Saudi women get behind the wheel in new drive for freedom

Several Saudi women have defied male-only driving rules to get behind the wheel, including one who managed a 45-minute trip through the nation’s capital.

Activists – inspired in part by the uprisings around the Arab world – have not appealed for mass protests in any specific sites.

But they urged Saudi women to begin a mutiny against the driving restrictions supported by clerics backing austere interpretations of Islam and enforced by powerful morality squads.

Encouragement boomed online. “Take the wheel. Foot on the gas,” said one Twitter message on the main site women2Drive.

Another urged: “Saudi women, start your engines!”

The defiance could bring difficult choices for the Western-backed Saudi authorities who so far have escaped major unrest from the Middle East turmoil.

Officials could either launch a crackdown on the women or give in to the demands at the risk of angering traditional-minded clerics and other groups opposing reforms.

It also could encourage wider reform bids by Saudi women, who have not been allowed to vote and must obtain permission from a male guardian to travel or take a job.

Security forces mostly stood by, activists reported, in an apparent effort to avoid clashes or international backlash. Some reported that women drove directly in front of police patrols.

No arrests or violence were immediately reported.

“We want women from today to begin exercising their rights,” said Wajeha al-Huwaidar, a Saudi women’s rights activist who posted internet clips of herself driving in 2008.

“Today on the roads is just the opening in a long campaign. We will not go back.”

The plan, she said, is for women who have obtained driving licences abroad to begin doing their daily errands and commuting on their own.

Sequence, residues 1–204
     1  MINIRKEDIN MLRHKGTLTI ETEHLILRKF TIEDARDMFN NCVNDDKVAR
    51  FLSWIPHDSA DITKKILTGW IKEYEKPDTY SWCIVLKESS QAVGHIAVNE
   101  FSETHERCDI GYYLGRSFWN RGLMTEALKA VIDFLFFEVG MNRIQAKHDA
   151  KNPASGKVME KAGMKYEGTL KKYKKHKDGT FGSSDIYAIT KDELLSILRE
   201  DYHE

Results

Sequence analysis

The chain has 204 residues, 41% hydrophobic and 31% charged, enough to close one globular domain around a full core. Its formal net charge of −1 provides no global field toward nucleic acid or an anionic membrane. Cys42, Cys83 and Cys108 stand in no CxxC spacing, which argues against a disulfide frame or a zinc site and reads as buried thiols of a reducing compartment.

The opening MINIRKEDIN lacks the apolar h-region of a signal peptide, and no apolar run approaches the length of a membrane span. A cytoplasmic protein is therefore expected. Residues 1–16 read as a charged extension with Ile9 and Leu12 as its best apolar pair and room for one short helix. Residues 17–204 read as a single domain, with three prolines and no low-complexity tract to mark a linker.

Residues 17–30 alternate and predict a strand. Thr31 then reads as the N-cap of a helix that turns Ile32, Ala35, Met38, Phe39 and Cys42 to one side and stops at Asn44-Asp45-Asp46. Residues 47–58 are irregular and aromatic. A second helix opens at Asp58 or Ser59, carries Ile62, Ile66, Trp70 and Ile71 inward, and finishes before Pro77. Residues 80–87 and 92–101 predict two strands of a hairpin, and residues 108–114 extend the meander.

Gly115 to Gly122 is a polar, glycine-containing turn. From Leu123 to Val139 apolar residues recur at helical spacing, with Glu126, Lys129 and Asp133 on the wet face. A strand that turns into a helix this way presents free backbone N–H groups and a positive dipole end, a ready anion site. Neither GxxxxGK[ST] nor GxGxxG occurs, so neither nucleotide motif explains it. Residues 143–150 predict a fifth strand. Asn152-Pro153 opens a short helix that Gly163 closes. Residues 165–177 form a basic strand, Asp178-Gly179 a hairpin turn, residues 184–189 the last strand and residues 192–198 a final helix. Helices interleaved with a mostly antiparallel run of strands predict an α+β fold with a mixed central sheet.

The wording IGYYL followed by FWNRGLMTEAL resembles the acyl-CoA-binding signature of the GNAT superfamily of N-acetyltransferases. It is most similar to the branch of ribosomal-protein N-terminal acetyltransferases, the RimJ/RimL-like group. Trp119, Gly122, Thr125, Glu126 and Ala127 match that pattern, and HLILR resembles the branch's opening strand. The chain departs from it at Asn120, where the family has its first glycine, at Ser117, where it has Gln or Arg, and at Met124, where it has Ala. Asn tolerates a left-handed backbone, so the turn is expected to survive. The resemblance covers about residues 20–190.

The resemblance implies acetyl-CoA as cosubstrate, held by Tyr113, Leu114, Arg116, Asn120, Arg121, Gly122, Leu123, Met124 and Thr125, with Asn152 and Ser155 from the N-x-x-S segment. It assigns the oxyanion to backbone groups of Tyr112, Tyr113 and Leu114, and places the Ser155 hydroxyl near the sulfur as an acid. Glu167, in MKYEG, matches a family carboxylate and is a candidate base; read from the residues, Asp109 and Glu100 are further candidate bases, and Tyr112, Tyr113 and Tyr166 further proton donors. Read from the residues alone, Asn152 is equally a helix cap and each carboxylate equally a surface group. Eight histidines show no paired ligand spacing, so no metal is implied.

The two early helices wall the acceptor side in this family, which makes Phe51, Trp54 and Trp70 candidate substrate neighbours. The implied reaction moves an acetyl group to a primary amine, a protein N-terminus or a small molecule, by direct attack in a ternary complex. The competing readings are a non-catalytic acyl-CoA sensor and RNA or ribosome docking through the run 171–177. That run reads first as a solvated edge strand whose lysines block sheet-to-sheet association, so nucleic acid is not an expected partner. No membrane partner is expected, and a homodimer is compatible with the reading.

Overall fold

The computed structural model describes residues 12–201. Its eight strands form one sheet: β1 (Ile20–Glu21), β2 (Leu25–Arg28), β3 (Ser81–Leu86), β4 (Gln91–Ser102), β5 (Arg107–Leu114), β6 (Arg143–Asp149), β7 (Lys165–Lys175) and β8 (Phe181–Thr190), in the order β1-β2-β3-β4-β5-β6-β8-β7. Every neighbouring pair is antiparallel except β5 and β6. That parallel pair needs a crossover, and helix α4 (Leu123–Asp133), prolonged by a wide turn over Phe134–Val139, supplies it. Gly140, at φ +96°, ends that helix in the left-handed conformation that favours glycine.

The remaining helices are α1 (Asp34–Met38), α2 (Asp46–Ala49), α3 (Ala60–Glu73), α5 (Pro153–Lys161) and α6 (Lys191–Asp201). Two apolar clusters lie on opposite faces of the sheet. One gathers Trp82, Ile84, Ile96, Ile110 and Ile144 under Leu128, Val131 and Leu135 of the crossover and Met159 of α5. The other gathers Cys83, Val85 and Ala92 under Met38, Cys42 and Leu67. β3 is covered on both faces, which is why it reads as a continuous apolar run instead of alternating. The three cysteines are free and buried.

“We’ll keep it up until we get a royal decree removing the ban,” she told The Associated Press.

The campaign’s official start follows the 10-day detention last month of a 32-year-old woman, Manal al-Sherif, after she posted video of herself driving. She was released after reportedly signing a pledge that she would not drive again or speak publicly.

Her case, however, sparked an outcry from international rights groups and brought direct appeals to Saudi’s rulers to lift the driving ban on women - the only such countrywide rule in the world.

A protest supporter, Benjamin Joffe-Walt, said there were confirmed reports of at least several women in the driver’s seat in the capital, Riyadh.

Maha al-Qahtani, a computer specialist at the Ministry of Education, said she drove for 45 minutes around the city with her husband in the passenger seat. “I wanted to make a point,” she said in a telephone interview.

“I took it directly to the streets of the capital.”

Web message boards set up on Twitter and other social media carried unconfirmed reports that some women also got behind the wheel in the eastern city of Dammam and elsewhere.

A YouTube page urged supporters around the world to honk their car horns for the Saudi women.

But conservative forces also counter-attacked on the web.

One video – denouncing the “revolution of corruption” – featured patriotic songs and a sinister-looking black hand with red fingernails reaching for the Saudi flag.

On Facebook, a hard-line group had a message for Saudi women seeking the right to drive: “Dream on.”

Saudi Arabia has no written law barring women from driving – only fatwas, or religious edicts, by senior clerics following a strict brand of Islam known as Wahhabism.